Hilaria Baldwin's Body-Positive Selfie Sparks C-Section Conversation

06/24/2015 04:30 pm ET | Updated Jun 24, 2015

Hilaria Baldwin made headlines last week when she shared a photo of her post-birth "baby bump" on Instagram, along with an empowering message about body image.

"I have been planning on doing post belly photos but didn't know if I was gonna have the guts to actually follow through," she wrote in the caption. "I hope you understand my intention here: I believe it is important to accept and love our form after going through a bit of a battle bringing life into this world."

The yoga instructor and "Extra" correspondent, who gave birth to her second child with Alec Baldwin on June 17, received many supportive messages from Instagram users. But Baldwin later claimed that there were also several comments speculating about her method of delivery because of the slightly obscured view of her stomach and the length of time she stayed in the hospital.

Just two days after sharing the original selfie, the mom posted a new Instagram photo in which she addressed the speculation.

1) I apologize for the weird post and I want to say I am grateful for all the concern I have read on my photo comments. I know they are coming from a good place. 2) This is for those of you who are getting into some pretty serious arguments with each other about if I had a c section or not...this should clear it up: as you can see from this pic, I did not have a c section. 3) The other question has been speculation as to why I stayed in the hospital a few days. Rafael came a little early (nothing extreme) so we just wanted to stay an extra night and make sure all is ok. Due dates are estimates and he came out a healthy weight. I'm actually lucky because given another few weeks, he would have been HUGE! 4) We are overjoyed that we have a healthy little boy and also that I am feeling well. I can never repay my doctor and the nurses who cared for Rafa and me. I'm eternally grateful. 💛

A photo posted by Hilaria Thomas Baldwin (@hilariabaldwin) on

"This is for those of you who are getting into some pretty serious arguments with each other about if I had a c section or not," she wrote in the caption for the photo, in which she reveals her scar-less midsection from the front. "This should clear it up: as you can see from this pic, I did not have a c section. "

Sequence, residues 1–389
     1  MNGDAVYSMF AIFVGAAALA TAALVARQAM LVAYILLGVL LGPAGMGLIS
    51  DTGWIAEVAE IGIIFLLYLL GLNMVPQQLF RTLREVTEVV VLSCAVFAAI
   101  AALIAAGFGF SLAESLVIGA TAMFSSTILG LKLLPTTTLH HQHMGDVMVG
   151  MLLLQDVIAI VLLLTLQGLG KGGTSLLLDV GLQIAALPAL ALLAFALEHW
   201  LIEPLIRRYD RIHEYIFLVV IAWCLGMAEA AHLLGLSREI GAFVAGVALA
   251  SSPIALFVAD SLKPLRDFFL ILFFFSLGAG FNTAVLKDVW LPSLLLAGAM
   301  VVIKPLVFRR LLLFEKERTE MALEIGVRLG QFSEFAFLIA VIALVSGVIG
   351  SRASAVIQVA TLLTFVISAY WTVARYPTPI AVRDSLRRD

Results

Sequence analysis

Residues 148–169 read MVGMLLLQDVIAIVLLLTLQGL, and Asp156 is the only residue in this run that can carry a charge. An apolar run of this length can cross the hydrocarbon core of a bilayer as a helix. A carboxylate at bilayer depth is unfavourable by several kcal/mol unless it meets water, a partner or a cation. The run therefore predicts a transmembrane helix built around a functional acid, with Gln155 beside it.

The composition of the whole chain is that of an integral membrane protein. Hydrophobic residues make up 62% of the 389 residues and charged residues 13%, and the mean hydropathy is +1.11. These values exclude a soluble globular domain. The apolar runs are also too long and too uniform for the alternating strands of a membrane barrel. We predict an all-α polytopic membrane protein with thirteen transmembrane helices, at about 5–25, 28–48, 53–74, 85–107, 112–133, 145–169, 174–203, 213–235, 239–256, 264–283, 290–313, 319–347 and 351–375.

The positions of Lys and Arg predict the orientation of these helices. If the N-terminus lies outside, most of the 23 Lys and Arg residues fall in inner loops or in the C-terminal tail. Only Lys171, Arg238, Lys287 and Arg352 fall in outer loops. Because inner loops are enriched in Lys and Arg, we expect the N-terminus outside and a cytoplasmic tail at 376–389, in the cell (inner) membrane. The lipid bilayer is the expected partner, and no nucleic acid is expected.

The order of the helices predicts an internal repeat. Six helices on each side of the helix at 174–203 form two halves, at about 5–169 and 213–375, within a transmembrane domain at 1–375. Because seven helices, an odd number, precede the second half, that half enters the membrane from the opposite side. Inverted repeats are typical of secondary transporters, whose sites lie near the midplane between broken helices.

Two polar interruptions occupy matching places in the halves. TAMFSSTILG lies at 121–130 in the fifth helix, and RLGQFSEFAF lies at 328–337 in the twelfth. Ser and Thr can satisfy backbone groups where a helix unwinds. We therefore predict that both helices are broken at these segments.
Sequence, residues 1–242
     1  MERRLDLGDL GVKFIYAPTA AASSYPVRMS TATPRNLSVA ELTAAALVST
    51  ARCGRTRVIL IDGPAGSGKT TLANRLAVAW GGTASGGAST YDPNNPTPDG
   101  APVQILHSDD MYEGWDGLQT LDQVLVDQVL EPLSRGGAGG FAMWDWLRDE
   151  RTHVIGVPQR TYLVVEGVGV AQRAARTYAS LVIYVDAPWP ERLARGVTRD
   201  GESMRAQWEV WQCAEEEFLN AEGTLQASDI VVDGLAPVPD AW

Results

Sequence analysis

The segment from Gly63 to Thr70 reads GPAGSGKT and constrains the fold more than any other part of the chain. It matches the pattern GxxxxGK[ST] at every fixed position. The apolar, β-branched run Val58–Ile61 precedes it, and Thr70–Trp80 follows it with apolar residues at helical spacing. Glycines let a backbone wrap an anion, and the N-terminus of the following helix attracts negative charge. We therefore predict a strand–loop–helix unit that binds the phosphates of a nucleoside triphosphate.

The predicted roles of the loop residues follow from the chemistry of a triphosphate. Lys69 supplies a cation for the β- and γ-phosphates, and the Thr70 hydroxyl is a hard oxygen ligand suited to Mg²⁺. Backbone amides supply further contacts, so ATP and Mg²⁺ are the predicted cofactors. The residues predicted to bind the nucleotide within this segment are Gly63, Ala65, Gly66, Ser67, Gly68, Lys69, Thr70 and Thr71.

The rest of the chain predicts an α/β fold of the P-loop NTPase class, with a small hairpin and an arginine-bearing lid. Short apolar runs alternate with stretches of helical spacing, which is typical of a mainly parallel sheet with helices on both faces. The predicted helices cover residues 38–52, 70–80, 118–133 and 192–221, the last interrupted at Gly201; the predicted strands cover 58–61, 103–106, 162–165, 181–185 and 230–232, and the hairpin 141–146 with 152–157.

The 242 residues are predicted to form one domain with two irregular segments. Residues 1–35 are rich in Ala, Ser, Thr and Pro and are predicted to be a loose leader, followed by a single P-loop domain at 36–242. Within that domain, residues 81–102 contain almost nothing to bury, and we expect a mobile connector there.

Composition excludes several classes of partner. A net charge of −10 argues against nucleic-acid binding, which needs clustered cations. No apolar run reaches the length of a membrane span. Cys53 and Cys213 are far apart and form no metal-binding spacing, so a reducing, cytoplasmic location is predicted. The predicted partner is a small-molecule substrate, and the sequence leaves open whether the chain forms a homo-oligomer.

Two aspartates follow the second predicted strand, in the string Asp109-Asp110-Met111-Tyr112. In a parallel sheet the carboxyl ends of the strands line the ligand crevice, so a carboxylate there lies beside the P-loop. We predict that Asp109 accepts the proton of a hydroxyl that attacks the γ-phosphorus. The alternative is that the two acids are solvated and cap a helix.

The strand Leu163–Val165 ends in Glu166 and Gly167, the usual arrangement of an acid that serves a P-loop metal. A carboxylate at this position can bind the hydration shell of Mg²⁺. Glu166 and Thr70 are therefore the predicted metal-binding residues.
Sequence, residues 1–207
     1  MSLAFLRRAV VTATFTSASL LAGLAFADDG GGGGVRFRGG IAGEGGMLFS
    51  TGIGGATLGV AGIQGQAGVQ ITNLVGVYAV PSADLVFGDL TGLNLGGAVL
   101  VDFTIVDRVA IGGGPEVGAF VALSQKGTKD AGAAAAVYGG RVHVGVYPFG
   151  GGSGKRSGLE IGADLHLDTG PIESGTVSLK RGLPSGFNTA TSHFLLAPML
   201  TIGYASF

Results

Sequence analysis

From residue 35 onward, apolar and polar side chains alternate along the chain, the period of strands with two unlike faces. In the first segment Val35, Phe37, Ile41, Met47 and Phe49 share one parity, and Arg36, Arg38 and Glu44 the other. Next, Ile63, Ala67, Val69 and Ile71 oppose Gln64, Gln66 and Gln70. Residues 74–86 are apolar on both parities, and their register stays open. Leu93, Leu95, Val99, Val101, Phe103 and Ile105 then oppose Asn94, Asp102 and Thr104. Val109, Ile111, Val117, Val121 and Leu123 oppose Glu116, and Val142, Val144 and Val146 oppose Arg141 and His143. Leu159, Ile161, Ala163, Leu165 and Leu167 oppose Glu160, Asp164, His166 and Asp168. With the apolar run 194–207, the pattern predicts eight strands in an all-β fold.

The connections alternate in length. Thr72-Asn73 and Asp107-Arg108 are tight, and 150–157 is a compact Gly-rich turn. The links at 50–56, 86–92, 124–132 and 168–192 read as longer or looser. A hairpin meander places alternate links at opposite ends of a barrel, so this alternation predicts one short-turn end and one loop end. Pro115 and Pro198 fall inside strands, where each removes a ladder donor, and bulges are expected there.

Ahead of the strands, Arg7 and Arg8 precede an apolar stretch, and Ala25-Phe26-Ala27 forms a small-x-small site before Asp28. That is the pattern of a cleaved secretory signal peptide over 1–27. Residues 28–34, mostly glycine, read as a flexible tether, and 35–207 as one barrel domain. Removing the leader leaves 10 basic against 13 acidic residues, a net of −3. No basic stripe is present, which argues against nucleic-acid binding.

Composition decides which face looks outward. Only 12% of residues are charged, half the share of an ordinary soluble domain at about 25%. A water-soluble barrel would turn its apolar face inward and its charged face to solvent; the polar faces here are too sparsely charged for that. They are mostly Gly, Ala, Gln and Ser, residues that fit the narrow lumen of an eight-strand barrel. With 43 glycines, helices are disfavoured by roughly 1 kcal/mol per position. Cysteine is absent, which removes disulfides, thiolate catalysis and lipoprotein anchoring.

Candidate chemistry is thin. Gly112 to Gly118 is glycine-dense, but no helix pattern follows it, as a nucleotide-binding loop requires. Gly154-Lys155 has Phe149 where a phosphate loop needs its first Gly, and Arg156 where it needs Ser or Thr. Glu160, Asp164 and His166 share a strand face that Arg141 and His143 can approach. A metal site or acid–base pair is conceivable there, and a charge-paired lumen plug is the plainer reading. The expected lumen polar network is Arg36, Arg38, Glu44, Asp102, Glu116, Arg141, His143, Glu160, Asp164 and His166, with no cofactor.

While many news outlets quickly reported the news of Hilaria Baldwin's confirmed vaginal delivery, others responded to her announcement with an important question:

"Regardless of the number of negative comments, why does Baldwin feel the need to prove anything?" Yahoo Parenting writer Rachel Bertsche asked in her article about the photo.

The response speaks to the scrutiny and stigma that still surrounds C-section birth today. “Some people are so engrossed in the details of the labor and delivery they want that they lose sight of the fact that in the end, the goal is to have a healthy baby and for the mom to be healthy,” Midwest Center for Women's Healthcare OB-GYN Dr. Amy Henriott told Yahoo Parenting. Henriott noted that the rising C-section rate in the U.S. has led to a greater push to avoid the procedure when possible, as it comes a risk of complications and longer recovery.

However, she added, "Doctors want patients to have vaginal births, because we want to avoid medical intervention as much as possible, but if that’s what it comes down to, that’s OK.”

The somewhat negative attitude surrounding C-section birth today has led to many blog posts and photo series to support mothers who did not delivery vaginally.

When photographer Keri-Anne Dilworth documented a mother's C-section birth, she told The Huffington Post that she hoped her photos would help break down some of the stigma. "I hope that people will see that ALL manners of birth are beautiful, that no matter how your child is birthed into the world that the moment deserves respect and is special," she said.

Indeed, it's the result, not the method of delivery, that matters most.

Also on HuffPost:

Pregnancy Week By Week
Suggest a correction